We're over COVID even if it isn't over us.
Why it matters: Six months into the pandemic, online engagement around coronavirus stories has dropped off markedly and continues to reach new lows even as the pandemic continues, according to data from NewsWhip provided exclusively to Axios.
By the numbers: Interactions (likes, comments, shares) on stories about the coronavirus have fallen 88% since March, 62% since July and 36% even from the August average.
- Google searches for the coronavirus have descended from a peak in mid-March and are now roughly where they were on Feb. 25 — well before the virus upended life the the U.S, — according to Google Trends data.
Between the lines: Even as the virus itself began to spread largely unchecked across almost the entire country in late June, the uptick in engagement was modest — another sign that Americans had gotten used to the virus.
The big picture: Throughout the pandemic, partisan anger — and not pertinent public health information — has fueled stories related to the virus on social media.
- The top term associated with "coronavirus" on social media in the last 3 months is "trump," according to data from Keyhole.
- Revelations from the new Bob Woodward book set off another round of politically oriented engagement on the virus late this week. Four of Wednesday's top five election-related stories were about Trump admitting that he played down the severity of the coronavirus, according to NewsWhip data.
The top two stories on social media in April were 'Trump suggests 'injection' of disinfectant to beat coronavirus and 'clean the lungs'" (NBC News, 6.5 million interactions) and "Coronavirus hype biggest political hoax in history" (Washington Times — 6.1 million).
- The highest in May: "Trump announces that houses of worship are 'essential', calls on governors to open them up" (Fox News — 5.8 million)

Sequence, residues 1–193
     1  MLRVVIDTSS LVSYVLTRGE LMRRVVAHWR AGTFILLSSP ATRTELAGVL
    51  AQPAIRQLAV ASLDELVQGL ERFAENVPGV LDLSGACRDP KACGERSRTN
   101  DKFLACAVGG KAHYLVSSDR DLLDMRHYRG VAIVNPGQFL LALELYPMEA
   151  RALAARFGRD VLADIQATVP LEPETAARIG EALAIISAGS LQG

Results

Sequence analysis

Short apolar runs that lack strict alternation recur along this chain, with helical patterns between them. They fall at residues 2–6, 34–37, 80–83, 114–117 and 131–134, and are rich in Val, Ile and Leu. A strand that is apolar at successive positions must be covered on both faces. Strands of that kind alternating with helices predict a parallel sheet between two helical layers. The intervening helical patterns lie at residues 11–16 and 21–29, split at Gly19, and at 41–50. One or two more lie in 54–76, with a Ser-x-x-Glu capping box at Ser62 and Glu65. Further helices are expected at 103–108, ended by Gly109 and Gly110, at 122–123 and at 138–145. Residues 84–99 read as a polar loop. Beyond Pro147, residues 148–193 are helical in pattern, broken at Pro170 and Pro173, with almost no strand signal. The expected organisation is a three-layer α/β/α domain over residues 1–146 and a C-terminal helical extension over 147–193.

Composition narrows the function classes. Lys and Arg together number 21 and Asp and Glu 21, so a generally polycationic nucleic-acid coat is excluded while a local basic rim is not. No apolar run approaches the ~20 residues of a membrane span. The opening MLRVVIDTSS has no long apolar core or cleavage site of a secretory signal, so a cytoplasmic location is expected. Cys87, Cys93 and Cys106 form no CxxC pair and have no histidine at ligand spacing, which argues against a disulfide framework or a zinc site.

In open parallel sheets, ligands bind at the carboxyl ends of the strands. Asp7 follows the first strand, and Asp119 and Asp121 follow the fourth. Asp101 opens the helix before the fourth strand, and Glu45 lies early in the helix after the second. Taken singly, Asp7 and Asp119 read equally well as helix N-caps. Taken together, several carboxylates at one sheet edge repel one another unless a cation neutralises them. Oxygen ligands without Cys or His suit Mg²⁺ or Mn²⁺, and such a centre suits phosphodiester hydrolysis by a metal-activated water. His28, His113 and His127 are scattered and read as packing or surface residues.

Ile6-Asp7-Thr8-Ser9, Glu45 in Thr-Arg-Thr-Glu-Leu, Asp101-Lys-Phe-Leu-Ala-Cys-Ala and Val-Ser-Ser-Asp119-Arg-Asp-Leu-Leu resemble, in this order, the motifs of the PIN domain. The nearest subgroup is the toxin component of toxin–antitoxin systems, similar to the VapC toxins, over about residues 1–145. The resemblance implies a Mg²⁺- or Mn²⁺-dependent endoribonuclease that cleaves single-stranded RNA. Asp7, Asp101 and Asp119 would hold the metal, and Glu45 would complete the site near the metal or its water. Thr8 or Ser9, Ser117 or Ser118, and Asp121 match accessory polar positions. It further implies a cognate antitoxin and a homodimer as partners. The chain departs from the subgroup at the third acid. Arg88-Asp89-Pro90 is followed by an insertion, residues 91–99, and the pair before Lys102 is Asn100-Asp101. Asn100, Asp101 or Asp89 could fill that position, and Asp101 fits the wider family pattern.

- June: "Wearing A Mask Is A Sign Of Mutual Respect" (Forbes — 4.8 million)
- July: "HHS confirms coronavirus hospital data will now be sent to DC instead of CDC" (CNN — 3.7 million)
- September: "Pelosi used shuttered San Francisco hair salon for blow-out, owner calls it 'slap in the face'" (Fox News — 4.9 million)
The bottom line: Despite the downturn in interest, as long as the coronavirus is a central feature of everyday life, it continues to hamper Trump's re-election bid. His 39% approval rating on handling the virus is a 10-point drop from early April and sits below his overall approval rating (43%).
Our 2020 attention tracker is based on data from NewsWhip exclusively provided to Axios as part of a project that will regularly update throughout the 2020 campaign.
Why this tracker matters: The data on interactions — including likes, comments and shares — highlights an important, but under-appreciated element of an election: the ability to see beyond our own social feeds and understand the broader universe playing out of how candidates and issues are moving the minds of voters.
- It measures enthusiasm in a way that traditional polling does not.
- The sample size taken from these social media platforms is massive.
- Social media is powered by emotion-driven content, and emotional responses are likely to be aligned with a voter's true beliefs in a way that can be masked in polling.
While the volume of interactions does not gauge the sentiment of the reactions, the ability to generate reach allows a candidate to expand the universe of potential voters.
- Bots also cannot be ignored, and we will point out in this space if there are documented instances of bot activity for certain candidates or issues.
Methodology: This project measures the number of social media interactions generated on stories published about the 2020 candidates and issues.
- Interactions are calculated from reactions, comments and shares on those stories on Facebook as well as the number of shares from more than 300,000 influential Twitter accounts and retweets and likes on those posts.
- Tracked published stories come from a defined universe of more than 450,000 domains.
- A story registers for a candidate or issue if the keyword is mentioned in the headline, summary or URL of the story.
- Our search format for candidates looks like: "Joe Biden" OR ("Biden" AND ("President" OR "2020" OR "election" OR "Democrats" OR "primary")).
- For issues, we use a keyword tree for related terms.